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MCC Students Part of MTA Fleet Rebranding

Manchester Community College students Emily Rentz, from Milford, who created the new Manchester Transit Authority bus logo and colors poses with Thomas Campbell, from Pembroke, who designed and created the Zip Line logo idea by a new bus during the rebranding unveiling for the Manchester Transit Authority in Manchester on Friday. Manchester Community College students Emily Rentz, from Milford, who created the new Manchester Transit Authority bus logo and colors poses with Thomas Campbell, from Pembroke, who designed and created the Zip Line logo idea by a new bus during the rebranding unveiling for the Manchester Transit Authority in Manchester on Friday.
Photo by Thomas Roy, Union Leader

Posted: August 28, 2017
by Paul Feely, Union Leader

City transit authorities on Friday unveiled two new city buses with a sleek, modern look — the first step in a three-year process that will see the 24-bus fleet upgraded as old buses are retired and new ones brought on line.

The rebranding is the first for the service since it was established as the Manchester Transit Authority 43 years ago.

“We’re excited about the changes,” said Mike Whitten, Executive Director of the MTA. “We’ve accomplished a lot, and there’s more to come.”

The local transit authority is also planning to add evening service along two routes, all in an effort to better meet local transit needs, modernize the service and increase ridership.

Evening runs at 6:30, 7:30 and 8:30 p.m. will begin on Route 5, serving the SNHU/River Road area, and Route 11, serving Front Street and Hackett Hill Road, starting Sept. 5.

“That means we will have bus service in the city along those routes up to 9:30 p.m.,” said Whitten. “It’s the number one (thing) we hear about from riders that they want to see, and it’s primarily college students. If you’re a shift worker or taking evening classes, you can get there using the bus but there’s no way to get home when you get out.”

Whitten said he hopes to add higher frequency trips in future years to busy areas like South Willow Street, another request his team frequently fields from riders.

“Right now, we operate on hourly schedules along major corridors like South Willow Street,” said Whitten. “That doesn’t work for someone looking to make a quick trip; they’ll find some other way to get there. I would like to see us maybe offer runs every 30 minutes; I think there would be demand for that.”

According to statistics provided by Whitten, the MTA served 443,706 transit passengers in fiscal year 2017, which ended June 30.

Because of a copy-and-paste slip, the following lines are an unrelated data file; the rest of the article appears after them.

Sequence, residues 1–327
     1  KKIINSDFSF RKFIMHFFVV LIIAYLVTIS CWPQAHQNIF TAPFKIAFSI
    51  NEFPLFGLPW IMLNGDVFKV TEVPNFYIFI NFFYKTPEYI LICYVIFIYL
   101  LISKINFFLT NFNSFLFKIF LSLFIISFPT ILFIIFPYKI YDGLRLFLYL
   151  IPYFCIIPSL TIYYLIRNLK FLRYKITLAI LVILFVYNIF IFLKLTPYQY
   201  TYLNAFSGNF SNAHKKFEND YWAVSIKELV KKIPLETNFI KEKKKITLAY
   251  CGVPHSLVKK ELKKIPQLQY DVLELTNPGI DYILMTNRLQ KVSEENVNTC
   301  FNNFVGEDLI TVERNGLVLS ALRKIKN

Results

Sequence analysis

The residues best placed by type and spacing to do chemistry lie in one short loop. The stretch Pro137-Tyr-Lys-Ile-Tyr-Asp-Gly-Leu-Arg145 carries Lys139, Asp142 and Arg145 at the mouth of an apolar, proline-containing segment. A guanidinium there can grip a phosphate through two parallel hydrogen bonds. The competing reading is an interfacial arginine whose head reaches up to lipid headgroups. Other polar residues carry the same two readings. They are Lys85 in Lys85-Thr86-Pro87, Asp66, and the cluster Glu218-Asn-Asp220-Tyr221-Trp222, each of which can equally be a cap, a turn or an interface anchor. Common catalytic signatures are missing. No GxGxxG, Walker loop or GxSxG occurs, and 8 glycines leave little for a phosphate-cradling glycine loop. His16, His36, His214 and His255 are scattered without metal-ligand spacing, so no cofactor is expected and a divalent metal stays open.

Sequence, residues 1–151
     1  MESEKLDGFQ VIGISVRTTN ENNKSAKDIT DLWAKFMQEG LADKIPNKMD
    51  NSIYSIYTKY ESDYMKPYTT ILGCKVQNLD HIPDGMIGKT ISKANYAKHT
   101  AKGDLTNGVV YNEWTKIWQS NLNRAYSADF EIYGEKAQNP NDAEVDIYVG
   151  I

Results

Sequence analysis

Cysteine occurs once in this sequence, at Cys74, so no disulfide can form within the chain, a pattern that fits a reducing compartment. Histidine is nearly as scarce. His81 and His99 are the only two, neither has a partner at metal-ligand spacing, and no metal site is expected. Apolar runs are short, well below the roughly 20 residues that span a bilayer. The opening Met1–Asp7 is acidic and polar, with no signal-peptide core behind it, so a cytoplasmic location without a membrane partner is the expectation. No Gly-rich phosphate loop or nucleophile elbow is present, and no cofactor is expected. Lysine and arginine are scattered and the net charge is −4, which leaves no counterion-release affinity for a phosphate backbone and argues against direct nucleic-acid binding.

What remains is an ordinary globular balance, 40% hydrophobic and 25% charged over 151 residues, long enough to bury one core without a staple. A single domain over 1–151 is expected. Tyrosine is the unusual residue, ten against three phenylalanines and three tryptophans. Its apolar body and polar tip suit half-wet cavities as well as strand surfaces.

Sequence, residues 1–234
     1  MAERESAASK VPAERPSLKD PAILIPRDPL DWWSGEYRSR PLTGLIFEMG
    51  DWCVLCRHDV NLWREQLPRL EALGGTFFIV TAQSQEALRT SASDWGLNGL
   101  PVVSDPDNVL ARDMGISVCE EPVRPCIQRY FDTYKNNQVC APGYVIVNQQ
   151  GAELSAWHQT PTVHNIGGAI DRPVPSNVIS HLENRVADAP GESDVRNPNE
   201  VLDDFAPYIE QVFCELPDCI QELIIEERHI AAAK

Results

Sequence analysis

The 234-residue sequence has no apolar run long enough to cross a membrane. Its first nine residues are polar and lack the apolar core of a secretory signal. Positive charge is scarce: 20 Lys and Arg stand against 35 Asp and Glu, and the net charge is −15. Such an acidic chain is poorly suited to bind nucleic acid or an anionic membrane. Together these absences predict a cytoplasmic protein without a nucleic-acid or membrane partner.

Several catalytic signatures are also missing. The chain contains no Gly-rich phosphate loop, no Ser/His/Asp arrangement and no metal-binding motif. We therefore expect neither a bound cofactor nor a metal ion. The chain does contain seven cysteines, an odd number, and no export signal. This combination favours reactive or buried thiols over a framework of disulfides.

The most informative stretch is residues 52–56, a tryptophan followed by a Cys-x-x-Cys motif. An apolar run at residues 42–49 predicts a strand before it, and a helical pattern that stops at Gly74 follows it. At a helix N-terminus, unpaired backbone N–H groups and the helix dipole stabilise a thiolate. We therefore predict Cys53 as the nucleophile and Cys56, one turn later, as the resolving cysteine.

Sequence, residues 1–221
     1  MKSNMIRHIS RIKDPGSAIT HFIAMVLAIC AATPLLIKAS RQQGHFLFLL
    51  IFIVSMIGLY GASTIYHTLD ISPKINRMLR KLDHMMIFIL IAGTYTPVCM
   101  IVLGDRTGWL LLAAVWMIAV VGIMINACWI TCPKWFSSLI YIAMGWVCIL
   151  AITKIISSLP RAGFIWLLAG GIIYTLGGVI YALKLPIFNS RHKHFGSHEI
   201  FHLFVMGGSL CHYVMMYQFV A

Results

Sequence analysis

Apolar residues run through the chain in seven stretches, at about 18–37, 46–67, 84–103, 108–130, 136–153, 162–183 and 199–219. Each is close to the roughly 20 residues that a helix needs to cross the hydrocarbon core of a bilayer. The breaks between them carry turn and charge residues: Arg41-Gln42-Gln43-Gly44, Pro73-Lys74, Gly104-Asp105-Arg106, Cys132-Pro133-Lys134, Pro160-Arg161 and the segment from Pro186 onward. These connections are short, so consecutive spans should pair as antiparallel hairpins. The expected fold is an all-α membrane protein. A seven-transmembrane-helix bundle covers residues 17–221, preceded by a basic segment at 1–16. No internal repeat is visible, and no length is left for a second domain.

“That’s down 8 percent compared to 2016,” said Whitten. “We hit historic highs during the recession, and have seen ridership come back to normal pre-recession levels as unemployment has decreased over recent years.”

The local trend mirrors numbers seen across the country. According to data provided by the Transportation Department, ridership on city buses across the U.S. was down 13 percent in the second quarter of 2017 compared to 2007.

The MTA’s rebranding effort includes replacing the red, white and blue buses currently in use with ones that feature a red and silver color scheme and a new stylized logo for the service.

“It’s striking how much more modern and inviting the new design is,” said Whitten. “The genesis for the idea came in 2012 when we rebranded the then-Downtown Circulator into the Green DASH. Without changing the route or timing, just a new design and image, we saw ridership triple. That was a proof of concept to me as to the power of a brand and an image in attracting customers to our services.”

The new design and logo were developed through a partnership with Manchester Community College (MCC), where two design classes worked on the rebrand last fall as a semester-long project.

“It was a phenomenal partnership as MTA received about two dozen design ideas at no cost to us, the students received real world experience and the winners now have this to add to their portfolios,” said Whitten. “MTA gets a new, modern look; the students get a real-life project to develop their skills, and taxpayers don’t have to spend a nickel.”

MCC Professor Ben Shippee was on hand for the unveiling before an appreciative crowd under sunny skies at the MTA headquarters off Elm Street on Friday afternoon.

He was joined by students Emily Rentz, who designed the new “M” logo, and Thomas Campbell, who created a new “Zip Line” logo for the Route 9 service to Nashua.

Whitten said the market value of the first buses to sport the new look is around $400,000, but the cost to the city was only $38,000 after subtracting for federal grants and other forms of transportation assistance.

The fleet replacement comes as many of the city buses, purchased between 2004-2008, are reaching the end of their 12-year lifespan. The entire fleet is expected to be replaced by 2020, all with the new look.

“It made sense to me that we would incorporate the rebranding into the fleet replacement rather than repainting existing vehicles,” said Whitten. “You’ll continue to see the red, white, and blue livery until those vehicles are retired and replaced with new buses that have the red and silver color scheme.”

Whitten said the main goal behind the rebranding is to illustrate how much the MTA has changed over the years.

“Over the last seven years we’ve added commuter service to Nashua and Concord as well as local routes in Goffstown, Hooksett, and Bedford,” said Whitten. “Transportation needs have changed and today, people need to access the entire region in order to reach employment, health care, school and shopping. We’re redesigning our service to meet that regional need and this rebranding helps to demonstrate that metamorphosis.”

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